Midol, Aleve, or Excedrin Migraine: how to pick the best over-the-counter headache relief medication

We’ve all been there: You have a headache that won’t go away and you have other things to do!

So, what do you reach for first? Coffee? Excedrin? Aleve? Midol?  What’s the best headache medication?

Before you choose what to use for your headache relief, here are some things to consider: Are you taking a blood thinner like warfarin, Eliquis, Xarelto, Pradaxa, or Savaysa? Do you have an upcoming surgery scheduled? Are you already taking a daily aspirin? Do you have a history of peptic ulcers or gastritis? Are you pregnant? How often are you having these headaches?

If you’re taking a blood thinner many of the OTC medications that are sold

for headache and pain relief can increase your risk of having a serious bleeding problem like bleeding in your stomach, intestines, or brain. Aspirin is particularly risky when taken in larger doses than the 81mg for heart health. When it’s used as a pain reliever the dose is between 200-1000 mg (if you take 2 tablets). These higher doses can result in liver toxicity, and gastrointestinal problems in as many 30-90% of people with pre-existing peptic ulcer or gastritis.

Aspirin is included in many common OTC products such as Goody’s, Midol, Pamprin, Excedrin, Bayer Migraine, BC powder, and Alka-Seltzer to name a few.

Eating along with the medication won’t decrease your risk either. The risk of having a serious bleeding problem increases with age. This risk includes the use of aspirin, ibuprofen, and naproxen and the benefit of using these medications should be carefully weighed against their risks before using them.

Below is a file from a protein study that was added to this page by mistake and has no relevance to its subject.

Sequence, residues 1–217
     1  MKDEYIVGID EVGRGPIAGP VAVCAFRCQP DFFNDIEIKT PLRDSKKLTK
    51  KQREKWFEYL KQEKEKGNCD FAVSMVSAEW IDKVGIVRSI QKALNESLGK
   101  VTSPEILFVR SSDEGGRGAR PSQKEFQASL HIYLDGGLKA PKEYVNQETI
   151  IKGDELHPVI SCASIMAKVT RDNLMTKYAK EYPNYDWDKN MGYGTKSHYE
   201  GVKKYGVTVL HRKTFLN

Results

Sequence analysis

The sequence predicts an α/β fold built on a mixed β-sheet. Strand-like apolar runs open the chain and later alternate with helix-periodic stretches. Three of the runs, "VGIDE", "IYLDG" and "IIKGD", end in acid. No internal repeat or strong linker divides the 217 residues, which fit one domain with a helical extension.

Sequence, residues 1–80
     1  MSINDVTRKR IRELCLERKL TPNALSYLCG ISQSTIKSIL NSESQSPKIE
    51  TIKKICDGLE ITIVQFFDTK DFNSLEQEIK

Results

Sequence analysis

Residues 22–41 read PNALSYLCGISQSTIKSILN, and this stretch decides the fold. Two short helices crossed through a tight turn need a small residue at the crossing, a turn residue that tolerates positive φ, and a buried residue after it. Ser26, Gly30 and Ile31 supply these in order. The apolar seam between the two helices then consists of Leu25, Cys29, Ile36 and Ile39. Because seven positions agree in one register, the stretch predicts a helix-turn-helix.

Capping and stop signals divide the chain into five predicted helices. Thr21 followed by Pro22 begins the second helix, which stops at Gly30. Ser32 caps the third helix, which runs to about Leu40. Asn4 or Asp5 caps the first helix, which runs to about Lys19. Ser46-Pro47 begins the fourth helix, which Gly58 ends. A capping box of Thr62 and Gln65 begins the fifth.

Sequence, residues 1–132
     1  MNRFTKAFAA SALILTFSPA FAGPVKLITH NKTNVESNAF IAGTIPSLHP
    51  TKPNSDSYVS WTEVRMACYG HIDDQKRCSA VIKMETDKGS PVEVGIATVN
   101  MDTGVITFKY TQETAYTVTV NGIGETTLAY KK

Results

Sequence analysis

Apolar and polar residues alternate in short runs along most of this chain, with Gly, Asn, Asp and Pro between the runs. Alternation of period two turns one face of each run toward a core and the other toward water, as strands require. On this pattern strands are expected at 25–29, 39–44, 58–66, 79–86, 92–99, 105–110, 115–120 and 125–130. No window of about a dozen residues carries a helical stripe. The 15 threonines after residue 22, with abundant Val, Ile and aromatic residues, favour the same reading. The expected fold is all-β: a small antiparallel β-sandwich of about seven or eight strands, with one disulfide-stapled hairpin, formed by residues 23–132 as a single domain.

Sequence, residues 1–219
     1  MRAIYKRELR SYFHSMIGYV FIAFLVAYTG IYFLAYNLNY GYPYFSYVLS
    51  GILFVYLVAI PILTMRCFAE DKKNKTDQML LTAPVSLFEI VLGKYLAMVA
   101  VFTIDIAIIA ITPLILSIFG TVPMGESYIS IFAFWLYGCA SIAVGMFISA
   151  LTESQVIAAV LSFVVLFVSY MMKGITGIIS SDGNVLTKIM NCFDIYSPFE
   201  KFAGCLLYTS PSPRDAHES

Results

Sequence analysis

If you have any scheduled surgery coming up, the use of aspirin, ibuprofen, naproxen and other blood thinners are generally recommended to be stopped a week beforehand.  You should check with your doctor beforehand.

If you’re pregnant the only safe OTC medication for headache relief is acetaminophen regular strength (Tylenol 325mg). Medications that contain aspirin or NSAIDs like ibuprofen and naproxen can cause serious harm in the third trimester and should be avoided.

If you’re considering using a caffeine-containing medication like Excedrin, here’s some things to know.

  • Caffeine has been shown to cause rebound headaches if over-used, so consider how often you’re using a caffeine-containing medication and how much caffeine you drink.
  • Caffeine can cause an increase in heart rate, and should be avoided in people with cardiac arrhythmias, angina, or a recent history of heart attack.
  • Caffeine can increase anxiety, worsen insomnia, and cause a variety of gastrointestinal effects.

Gosh, maybe I should stop using caffeine!

As always, the best way to use any medication for headache relief is to thoroughly read the labeling and instructions for use before taking it.

If you’d like to talk to a pharmacist now, schedule a time that works for you here:

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Tired of heartburn?

Kristen Engelen, PharmD
Kristen Engelen, PharmD, is the chief pharmacy officer of RxLive and a certified consultant pharmacist; she has over a decade of experience in retail pharmacy settings. Kristen became an RxLive co-founder because of her passion for geriatric pharmacy, with a focus on the intersection of pharmacy and aging.